Chicago travel update: Arkansas added back to list; advisory stands at 38 states, 1 territory

ByABC7 Chicago Digital Team WLS logo
Wednesday, November 17, 2021
Illinois travel restrictions: Chicago advisory at 38 states, 1 territory; Arkansas returns to list due to COVID cases
Chicago's COVID-19 quarantine advisory updated to include 38 states and one territory this week.

CHICAGO (WLS) -- The Chicago Department of Public Health removed three states from its weekly COVID-19 Travel Advisory Tuesday.

The city's COVID-19 quarantine advisory now includes 38 states and one territory after Alabama, Mississippi and Tennessee were removed and Arkansas was added back on.

States are removed from the Travel Advisory when they maintain a daily COVID case rate below 15 per 100,000 residents in two consecutive weeks.

As of Tuesday, every state or territory except for Alabama, Connecticut, D.C., Florida, Georgia, Hawaii, Louisiana, Maryland, Mississippi, Puerto Rico, South Carolina, Tennessee, Texas and the Virgin Islands are on the Travel Advisory.

Officials recommend that unvaccinated travelers should get tested one to three days before leaving on the trip as well as getting tested three to five days after returning. Unvaccinated travelers are asked to self-quarantine for seven days after returning from travel even if they test negative. Those who do not get tested should self-quarantine for 10 days after travel and avoid those at high-risk for COVID for 14 days after travel.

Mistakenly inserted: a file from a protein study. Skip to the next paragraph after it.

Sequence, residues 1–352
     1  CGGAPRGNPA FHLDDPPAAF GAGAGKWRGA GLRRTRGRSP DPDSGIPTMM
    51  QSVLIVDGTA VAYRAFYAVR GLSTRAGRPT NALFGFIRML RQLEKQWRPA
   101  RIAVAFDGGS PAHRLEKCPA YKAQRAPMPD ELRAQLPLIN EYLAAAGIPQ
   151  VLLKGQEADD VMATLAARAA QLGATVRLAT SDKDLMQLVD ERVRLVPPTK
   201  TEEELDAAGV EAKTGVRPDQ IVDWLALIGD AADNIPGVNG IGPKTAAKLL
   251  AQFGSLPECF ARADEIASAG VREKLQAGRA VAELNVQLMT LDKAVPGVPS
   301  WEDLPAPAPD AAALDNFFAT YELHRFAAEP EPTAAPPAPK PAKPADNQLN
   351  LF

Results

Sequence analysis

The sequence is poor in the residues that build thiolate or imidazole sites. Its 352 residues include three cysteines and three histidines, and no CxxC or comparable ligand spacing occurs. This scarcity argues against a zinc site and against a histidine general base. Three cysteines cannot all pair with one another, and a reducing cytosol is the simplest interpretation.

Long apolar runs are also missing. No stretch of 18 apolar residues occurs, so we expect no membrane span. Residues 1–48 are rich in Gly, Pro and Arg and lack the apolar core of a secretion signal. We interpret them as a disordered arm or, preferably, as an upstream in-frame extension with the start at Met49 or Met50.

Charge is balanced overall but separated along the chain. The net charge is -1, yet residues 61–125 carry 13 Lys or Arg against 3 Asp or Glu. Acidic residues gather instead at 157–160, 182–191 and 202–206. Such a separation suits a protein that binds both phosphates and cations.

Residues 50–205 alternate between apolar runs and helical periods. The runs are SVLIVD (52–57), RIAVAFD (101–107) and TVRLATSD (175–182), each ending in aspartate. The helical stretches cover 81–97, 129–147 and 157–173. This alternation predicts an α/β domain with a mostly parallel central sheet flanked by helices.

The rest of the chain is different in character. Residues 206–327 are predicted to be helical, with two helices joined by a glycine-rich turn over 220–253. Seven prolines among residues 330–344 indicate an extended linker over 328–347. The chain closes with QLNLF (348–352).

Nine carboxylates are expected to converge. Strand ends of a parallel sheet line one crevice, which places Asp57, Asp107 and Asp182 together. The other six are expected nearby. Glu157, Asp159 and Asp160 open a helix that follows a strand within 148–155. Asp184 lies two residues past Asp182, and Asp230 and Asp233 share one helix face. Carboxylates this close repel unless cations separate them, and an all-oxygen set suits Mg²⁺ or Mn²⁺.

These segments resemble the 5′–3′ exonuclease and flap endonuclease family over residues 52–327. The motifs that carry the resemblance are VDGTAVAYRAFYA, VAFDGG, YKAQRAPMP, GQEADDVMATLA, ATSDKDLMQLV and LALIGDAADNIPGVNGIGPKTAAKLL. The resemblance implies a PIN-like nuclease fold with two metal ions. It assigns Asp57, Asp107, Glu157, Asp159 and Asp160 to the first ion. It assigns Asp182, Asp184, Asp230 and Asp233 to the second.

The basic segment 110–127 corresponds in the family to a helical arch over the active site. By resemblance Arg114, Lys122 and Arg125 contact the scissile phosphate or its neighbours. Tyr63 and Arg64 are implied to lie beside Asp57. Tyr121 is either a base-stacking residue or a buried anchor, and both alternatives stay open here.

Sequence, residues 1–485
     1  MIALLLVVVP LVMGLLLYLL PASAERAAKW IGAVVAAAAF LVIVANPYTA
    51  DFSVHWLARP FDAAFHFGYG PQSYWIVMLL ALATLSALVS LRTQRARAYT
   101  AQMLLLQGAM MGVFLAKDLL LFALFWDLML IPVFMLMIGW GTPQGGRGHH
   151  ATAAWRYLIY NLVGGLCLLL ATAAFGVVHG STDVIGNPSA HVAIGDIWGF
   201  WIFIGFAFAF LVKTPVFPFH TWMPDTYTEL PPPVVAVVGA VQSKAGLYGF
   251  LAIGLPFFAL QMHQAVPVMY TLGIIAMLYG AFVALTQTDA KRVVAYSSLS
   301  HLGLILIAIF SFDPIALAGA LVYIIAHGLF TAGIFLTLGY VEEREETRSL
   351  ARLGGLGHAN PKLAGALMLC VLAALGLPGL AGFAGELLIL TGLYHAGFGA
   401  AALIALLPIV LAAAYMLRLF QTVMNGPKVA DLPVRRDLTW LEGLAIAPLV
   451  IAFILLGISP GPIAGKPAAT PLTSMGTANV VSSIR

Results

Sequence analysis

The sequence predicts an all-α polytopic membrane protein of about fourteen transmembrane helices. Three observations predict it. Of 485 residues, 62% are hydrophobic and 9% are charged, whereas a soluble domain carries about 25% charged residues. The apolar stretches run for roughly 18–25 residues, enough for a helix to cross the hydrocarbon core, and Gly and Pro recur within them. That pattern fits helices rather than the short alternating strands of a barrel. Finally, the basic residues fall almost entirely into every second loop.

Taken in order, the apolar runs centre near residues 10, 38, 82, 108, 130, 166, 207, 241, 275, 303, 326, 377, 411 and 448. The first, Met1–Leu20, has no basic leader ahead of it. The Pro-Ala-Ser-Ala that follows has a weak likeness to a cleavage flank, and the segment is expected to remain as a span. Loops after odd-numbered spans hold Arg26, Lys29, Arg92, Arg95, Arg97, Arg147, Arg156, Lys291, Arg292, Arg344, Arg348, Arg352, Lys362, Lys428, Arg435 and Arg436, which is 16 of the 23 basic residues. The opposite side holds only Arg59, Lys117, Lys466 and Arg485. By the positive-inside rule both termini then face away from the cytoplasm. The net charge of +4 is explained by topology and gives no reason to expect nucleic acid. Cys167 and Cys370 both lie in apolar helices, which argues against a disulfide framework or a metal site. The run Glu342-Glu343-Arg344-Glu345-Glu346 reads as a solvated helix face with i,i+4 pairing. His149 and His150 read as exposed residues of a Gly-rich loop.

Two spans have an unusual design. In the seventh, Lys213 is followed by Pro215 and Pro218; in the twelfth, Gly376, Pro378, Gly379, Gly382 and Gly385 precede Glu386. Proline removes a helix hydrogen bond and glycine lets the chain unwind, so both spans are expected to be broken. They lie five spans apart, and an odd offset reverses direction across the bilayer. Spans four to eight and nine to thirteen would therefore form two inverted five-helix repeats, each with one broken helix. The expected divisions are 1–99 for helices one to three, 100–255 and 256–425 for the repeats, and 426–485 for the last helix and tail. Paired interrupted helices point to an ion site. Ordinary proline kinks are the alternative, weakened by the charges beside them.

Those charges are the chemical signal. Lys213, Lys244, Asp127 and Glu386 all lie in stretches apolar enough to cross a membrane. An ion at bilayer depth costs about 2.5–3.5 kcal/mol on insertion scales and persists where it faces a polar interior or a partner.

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CDPH reminds unvaccinated travelers that under the Advisory, they should be tested for COVID before and after travel from any state on the advisory list and should quarantine upon arrival in Chicago.

The U.S. average daily case rate per 100,000 residents is 24.3, up from 21.6 last week. Illinois' daily case rate currently is 25.5 (19.7 last week). Chicago's daily case rate is 16.1.

CDPH Commissioner Dr. Allison Arwady says it's safe to gather with loved ones this Thanksgiving if everyone is vaccinated.

"Right now, for unvaccinated people, traveling over Thanksgiving is a risky move, especially if you plan to visit other Midwest or Upper Midwest states, where the daily case rates have not been going down," CDPH Commissioner Dr. Allison Arwady said. "Fully vaccinated people are at a much lower risk of serious COVID-related health problems, but all of us should be careful over the coming weeks - even more so if you plan to be among crowds or at large family gatherings."